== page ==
King of the Hill? Meet the GOP's Health Reform Repeal Point Man

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"I think there's a dozen or so viable candidates. It may be that there isn't going to be another name emerge at this point, but there's much to be done between now and the time that a front runner emerges," King said. "As I look at this, each of these candidates will come through Iowa, and they are now and we're talking with some of them. I want to see that they have maximum access to the Iowa activists, that's a network that's been built through generations."

King says that if any candidate can run the table with wins in the first three contests - Iowa, New Hampshire and South Carolina - they will be able to lock up the nomination. "No one can do that at this point that I can see," King said. "Let the games begin. I'm looking forward to an exciting presidential nomination season."

King, one of the most conservative members of the House, says he has not personally felt threatened while serving in Iowa, and says that in the aftermath of the shooting in Tucson, security cannot stop members from interacting with constituents.

"We'll pay a little more attention to security, but that doesn't mean I won't engage. This job is too important and serving Americans in Congress is too much of a privilege to back away and think that I'm going to live in a bubble. I'm going to continue to go out and engage with people," King said. "We have to engage with people, and pick up on their opinions, but also pick up on the intensity of those opinions. And that is, being out with real people, listening to their ideas, and doing it a lot, slowly you build a sense of what's going on out there in the country and you attach that to your internal convictions and that's how we serve Americans."

Congress, Back to Business on Health Care

King says that Sen. Mark Udall's proposal to ease the contentious political discourse by mixing the parties together during President Obama's State of the Union address Jan. 25 might be a symbolic attempt at bipartisanship, but "I don't think that's going to reduce the number of shootings in the United States of America."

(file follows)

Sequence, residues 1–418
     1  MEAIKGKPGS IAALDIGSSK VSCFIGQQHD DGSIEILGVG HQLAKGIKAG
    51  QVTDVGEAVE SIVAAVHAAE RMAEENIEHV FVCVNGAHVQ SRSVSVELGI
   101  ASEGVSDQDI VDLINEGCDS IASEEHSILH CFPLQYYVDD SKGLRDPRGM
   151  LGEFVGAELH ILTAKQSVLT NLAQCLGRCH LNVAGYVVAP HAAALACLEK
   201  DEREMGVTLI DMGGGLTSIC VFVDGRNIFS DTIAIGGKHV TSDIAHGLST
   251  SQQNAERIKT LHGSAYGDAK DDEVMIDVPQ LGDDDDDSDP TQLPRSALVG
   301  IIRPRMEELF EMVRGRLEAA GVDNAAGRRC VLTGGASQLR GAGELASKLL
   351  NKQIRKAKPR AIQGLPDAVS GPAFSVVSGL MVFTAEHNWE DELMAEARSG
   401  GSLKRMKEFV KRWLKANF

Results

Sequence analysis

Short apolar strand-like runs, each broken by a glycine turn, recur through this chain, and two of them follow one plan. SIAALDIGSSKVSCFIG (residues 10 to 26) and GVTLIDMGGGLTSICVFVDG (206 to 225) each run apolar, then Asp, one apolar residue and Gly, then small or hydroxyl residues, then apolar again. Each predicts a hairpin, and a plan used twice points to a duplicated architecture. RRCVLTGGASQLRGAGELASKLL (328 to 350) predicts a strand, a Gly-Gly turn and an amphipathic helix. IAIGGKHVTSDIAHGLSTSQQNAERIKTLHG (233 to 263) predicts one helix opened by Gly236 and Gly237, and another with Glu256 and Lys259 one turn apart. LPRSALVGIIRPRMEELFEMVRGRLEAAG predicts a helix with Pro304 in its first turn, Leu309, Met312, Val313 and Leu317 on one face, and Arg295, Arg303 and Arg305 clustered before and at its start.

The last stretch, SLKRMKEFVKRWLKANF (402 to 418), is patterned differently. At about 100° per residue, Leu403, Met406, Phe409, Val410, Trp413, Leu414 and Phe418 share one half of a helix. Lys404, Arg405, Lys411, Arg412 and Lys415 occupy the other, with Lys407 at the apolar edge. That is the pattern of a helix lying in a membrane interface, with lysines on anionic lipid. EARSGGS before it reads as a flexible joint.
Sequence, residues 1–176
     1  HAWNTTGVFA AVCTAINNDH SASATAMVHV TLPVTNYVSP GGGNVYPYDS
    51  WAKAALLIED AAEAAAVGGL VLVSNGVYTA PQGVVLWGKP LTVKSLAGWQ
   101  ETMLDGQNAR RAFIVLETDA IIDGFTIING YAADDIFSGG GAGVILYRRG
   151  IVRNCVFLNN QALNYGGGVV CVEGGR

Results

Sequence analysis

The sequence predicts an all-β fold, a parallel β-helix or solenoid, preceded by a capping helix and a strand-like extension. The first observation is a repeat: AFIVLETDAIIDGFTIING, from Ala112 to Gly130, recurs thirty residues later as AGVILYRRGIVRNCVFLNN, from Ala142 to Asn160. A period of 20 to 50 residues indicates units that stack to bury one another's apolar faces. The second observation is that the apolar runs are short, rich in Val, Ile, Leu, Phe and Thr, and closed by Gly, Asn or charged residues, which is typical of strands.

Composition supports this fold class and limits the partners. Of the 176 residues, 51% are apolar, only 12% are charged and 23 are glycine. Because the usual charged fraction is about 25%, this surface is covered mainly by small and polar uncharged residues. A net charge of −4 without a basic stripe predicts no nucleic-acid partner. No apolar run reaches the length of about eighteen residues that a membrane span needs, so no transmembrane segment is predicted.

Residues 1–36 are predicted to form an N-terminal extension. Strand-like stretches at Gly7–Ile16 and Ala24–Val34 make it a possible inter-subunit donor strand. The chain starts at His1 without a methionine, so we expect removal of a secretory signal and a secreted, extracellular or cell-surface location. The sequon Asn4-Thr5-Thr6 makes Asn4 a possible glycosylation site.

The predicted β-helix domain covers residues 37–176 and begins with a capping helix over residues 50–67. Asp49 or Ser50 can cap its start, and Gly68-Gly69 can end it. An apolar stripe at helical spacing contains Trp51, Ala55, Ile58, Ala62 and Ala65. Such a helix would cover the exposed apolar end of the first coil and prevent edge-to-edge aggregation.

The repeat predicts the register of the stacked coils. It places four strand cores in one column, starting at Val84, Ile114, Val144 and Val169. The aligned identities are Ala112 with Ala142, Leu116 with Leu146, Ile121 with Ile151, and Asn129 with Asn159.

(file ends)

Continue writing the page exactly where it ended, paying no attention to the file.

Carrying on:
King said he has not thought about where exactly he will sit during the Joint Session of Congress, or who he will sit next to, but said he intends to take a seat with a clear vantage point where he can watch the president's body posture and hear his language.

"I'm not one of those that goes in early and tries to puts on some bright clothing and stand by the aisle so I can be seen shaking hands with the president on the way in. I'm usually one that arrives a little later and tries to take an available seat," King said. "It'll be a very interesting speech, it'll be one that of course lays out his agenda for the next couple of years, and this will be the first State of the Union address since he returned from the shellacking, so how he intends to work with Republicans now in the majority of the House is going to be an interesting delivery. We've gotten some signals that the president is open to working on a more bipartisan fashion, we'll see if he proposes some specific agenda items that we can work with him on. I hope so."

King said he hopes that the White House will provide members of Congress with an advance copy of the president's speech, so members are able to follow along on blackberries and iPads because "it's really useful to be able to penetrate the thoughts that the president is delivering."

"I'll bring my iPad to the floor. Last time we had to get the information off of Blackberry, and I'll make the prediction that we'll see more iPads on the floor of the House of Representatives during the president's State of the Union address than at any time in the history of this country."

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